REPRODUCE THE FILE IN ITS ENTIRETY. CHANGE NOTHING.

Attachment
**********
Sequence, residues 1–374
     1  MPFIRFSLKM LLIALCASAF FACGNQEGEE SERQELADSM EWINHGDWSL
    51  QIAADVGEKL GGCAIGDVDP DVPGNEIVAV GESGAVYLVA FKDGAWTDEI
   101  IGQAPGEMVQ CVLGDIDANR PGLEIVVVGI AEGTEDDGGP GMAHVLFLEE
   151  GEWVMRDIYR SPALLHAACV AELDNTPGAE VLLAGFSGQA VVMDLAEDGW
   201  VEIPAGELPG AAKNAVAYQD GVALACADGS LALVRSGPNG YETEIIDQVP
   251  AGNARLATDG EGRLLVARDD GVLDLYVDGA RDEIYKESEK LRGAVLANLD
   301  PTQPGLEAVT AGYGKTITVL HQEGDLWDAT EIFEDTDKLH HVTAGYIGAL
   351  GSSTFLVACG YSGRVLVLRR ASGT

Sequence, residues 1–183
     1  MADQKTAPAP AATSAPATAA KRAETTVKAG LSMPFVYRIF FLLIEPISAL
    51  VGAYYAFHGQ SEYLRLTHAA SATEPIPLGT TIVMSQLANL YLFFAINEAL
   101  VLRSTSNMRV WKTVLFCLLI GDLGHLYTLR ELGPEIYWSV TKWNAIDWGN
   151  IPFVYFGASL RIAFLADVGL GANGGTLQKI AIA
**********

Sequence, residues 1–374
     1  MPFIRFSLKM LLIALCASAF FACGNQEGEE SERQELADSM EWINHGDWSL
    51  QIAADVGEKL GGCAIGDVDP DVPGNEIVAV GESGAVYLVA FKDGAWTDEI
   101  IGQAPGEMVQ CVLGDIDANR PGLEIVVVGI AEGTEDDGGP GMAHVLFLEE
   151  GEWVMRDIYR SPALLHAACV AELDNTPGAE VLLAGFSGQA VVMDLAEDGW
   201  VEIPAGELPG AAKNAVAYQD GVALACADGS LALVRSGPNG YETEIIDQVP
   251  AGNARLATDG EGRLLVARDD GVLDLYVDGA RDEIYKESEK LRGAVLANLD
   301  PTQPGLEAVT AGYGKTITVL HQEGDLWDAT EIFEDTDKLH HVTAGYIGAL
   351  GSSTFLVACG YSGRVLVLRR ASGT

Sequence, residues 1–183
     1  MADQKTAPAP AATSAPATAA KRAETTVKAG LSMPFVYRIF FLLIEPISAL
    51  VGAYYAFHGQ SEYLRLTHAA SATEPIPLGT TIVMSQLANL YLFFAINEAL
   101  VLRSTSNMRV WKTVLFCLLI GDLGHLYTLR ELGPEIYWSV TKWNAIDWGN
   151  IPFVYFGASL RIAFLADVGL GANGGTLQKI AIA